My answer is, yes (it has line-breaks), but it’s not a particularly good one. The line between poetry and prose is blurred, and some of my efforts certainly lean more toward prose. It’s not possible to say whether something is or isn’t a poem. Sometimes I read prose poems and think they’re actually prose, whereas sometimes I read prose (eg, Willie’s First English Book) and hear poetry. Lots of odd books get called poetry simply because publishers are unsure how to categorise them. Kenneth Goldsmith’s, for example. Finally, there’s just good writing and bad writing, by which I mean writing you like and writing you don’t like and the vast continuum between those poles.
‘Son,’ he kept saying, ‘son’. Then he turned to me to see
how I was doing. I was concentrating on the fogged up world
out the fogged up window, but his wet, hopeless face
somehow found a way through and got deep inside me, and,
try as I might, I have never been able to shake it out
my whole life long.
from ‘The End of the Runway’
Paula: I was really affected by the poems that get personal but are all quite different. Take ‘The Bicycle’ for example, a poem that highlights a beloved childhood gift. Am I imagining this but did you once compare writing a poem to riding a bicycle? I love the poignant scene of parents tending to a wet toddler in ‘Feeding the Ducks’. Oh and the glorious comic / raw-edged thread in ‘Family Planning’. And more than anything, the heart ripping ‘The End of the Runway’. OMG this poem tore. I have no idea what the personal – fiction mix is but it is a little beauty.
Do you have no-go zones when it comes to personal subject matter? Confession?
James: I have compared riding up a hill to writing poetry – the link being suffering. There are lots of things I wouldn’t write about. I feel it’s unfair to write about friends and family in ways that might hurt them. Well, I might write a poem, but I wouldn’t publish it. I’ve certainly got poems I think are good that I’ll never publish.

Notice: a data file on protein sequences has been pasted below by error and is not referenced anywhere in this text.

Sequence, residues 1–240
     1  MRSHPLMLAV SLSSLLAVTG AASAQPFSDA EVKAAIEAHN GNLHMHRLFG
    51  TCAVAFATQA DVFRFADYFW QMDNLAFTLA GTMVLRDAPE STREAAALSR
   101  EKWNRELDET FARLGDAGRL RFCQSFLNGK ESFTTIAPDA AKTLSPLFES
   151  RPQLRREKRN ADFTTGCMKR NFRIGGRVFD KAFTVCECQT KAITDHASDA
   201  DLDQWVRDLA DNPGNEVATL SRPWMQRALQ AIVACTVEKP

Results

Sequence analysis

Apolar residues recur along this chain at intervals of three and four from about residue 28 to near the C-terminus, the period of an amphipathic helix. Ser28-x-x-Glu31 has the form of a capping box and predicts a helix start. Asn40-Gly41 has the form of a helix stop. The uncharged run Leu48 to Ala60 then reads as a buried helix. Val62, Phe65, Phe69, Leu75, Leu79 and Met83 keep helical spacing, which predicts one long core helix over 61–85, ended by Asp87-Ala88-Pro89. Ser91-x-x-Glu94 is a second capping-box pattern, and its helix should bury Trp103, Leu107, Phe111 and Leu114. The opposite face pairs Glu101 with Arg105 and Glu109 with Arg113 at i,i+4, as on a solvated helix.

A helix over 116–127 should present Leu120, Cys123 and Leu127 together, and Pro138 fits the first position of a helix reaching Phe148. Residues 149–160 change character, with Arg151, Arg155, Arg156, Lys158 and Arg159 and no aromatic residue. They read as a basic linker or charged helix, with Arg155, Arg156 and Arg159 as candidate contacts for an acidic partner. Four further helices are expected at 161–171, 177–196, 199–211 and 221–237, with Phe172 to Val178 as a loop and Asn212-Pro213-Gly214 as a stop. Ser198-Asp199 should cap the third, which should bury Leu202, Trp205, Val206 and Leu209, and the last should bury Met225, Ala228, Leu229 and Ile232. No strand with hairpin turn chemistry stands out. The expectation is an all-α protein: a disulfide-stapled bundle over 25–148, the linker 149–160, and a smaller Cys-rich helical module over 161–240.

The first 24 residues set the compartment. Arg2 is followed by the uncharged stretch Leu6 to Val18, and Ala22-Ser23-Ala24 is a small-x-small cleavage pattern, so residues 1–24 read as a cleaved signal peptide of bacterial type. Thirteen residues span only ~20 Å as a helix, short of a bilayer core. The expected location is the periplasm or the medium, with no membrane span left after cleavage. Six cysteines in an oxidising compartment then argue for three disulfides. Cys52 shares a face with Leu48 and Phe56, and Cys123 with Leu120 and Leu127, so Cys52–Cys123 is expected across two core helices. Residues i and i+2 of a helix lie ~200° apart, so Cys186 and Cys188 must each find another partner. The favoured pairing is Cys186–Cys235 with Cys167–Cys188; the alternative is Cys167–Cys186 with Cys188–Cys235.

As said, my poetry is less autobiographical than people think. ‘The Bicycle’, for example, is based on experience, but isn’t entirely true. I did not love my bicycle as a kid, but I had one I really liked as an adult. The feelings in ‘The End of the Runway’ are genuine, but many of the details I use to generate them are imagined.
My new book that VUP are publishing next year is anchored around three long, confessional poems. They were hard for me to write. I’d tried to write about one incident on and off for years. I’m very reliant on VUP as to whether they’re successful as poems because for me writing them was really a kind of therapy.
Paula: Anne French likens you to a bricoleur and I can see why. Under your guidance a poem can hold many things. I wonder how it could possibly work and then the poem becomes an effervescent tablet on the tongue. Are you still drawn to this?
James: Do you mean am I still drawn to bricolage? Well, I think the English language is a bricolage. Sometimes I set out to hijack certain registers – like the official names of Barbie dolls in ‘Ken, Barbie, and Me’. ‘Alt. Country’ mimics the ‘straight talkin’ voice of Americana music. Perhaps my poems are bricolages because my own voice is an assemblage of different language registers – song lyrics, advertising speak, clichés, and very occasionally an original turn of phrase.
Paula: Perhaps the funniest piece was the booklet, Instructions for Poetry Readings. I kept thinking of excruciating occasions where a poet hogs everyone else’s time, or has no idea what they are going to read so have to shuffle through pages and books, or spends twenty times longer on an intro than the poem itself. What prompted you to write this booklet?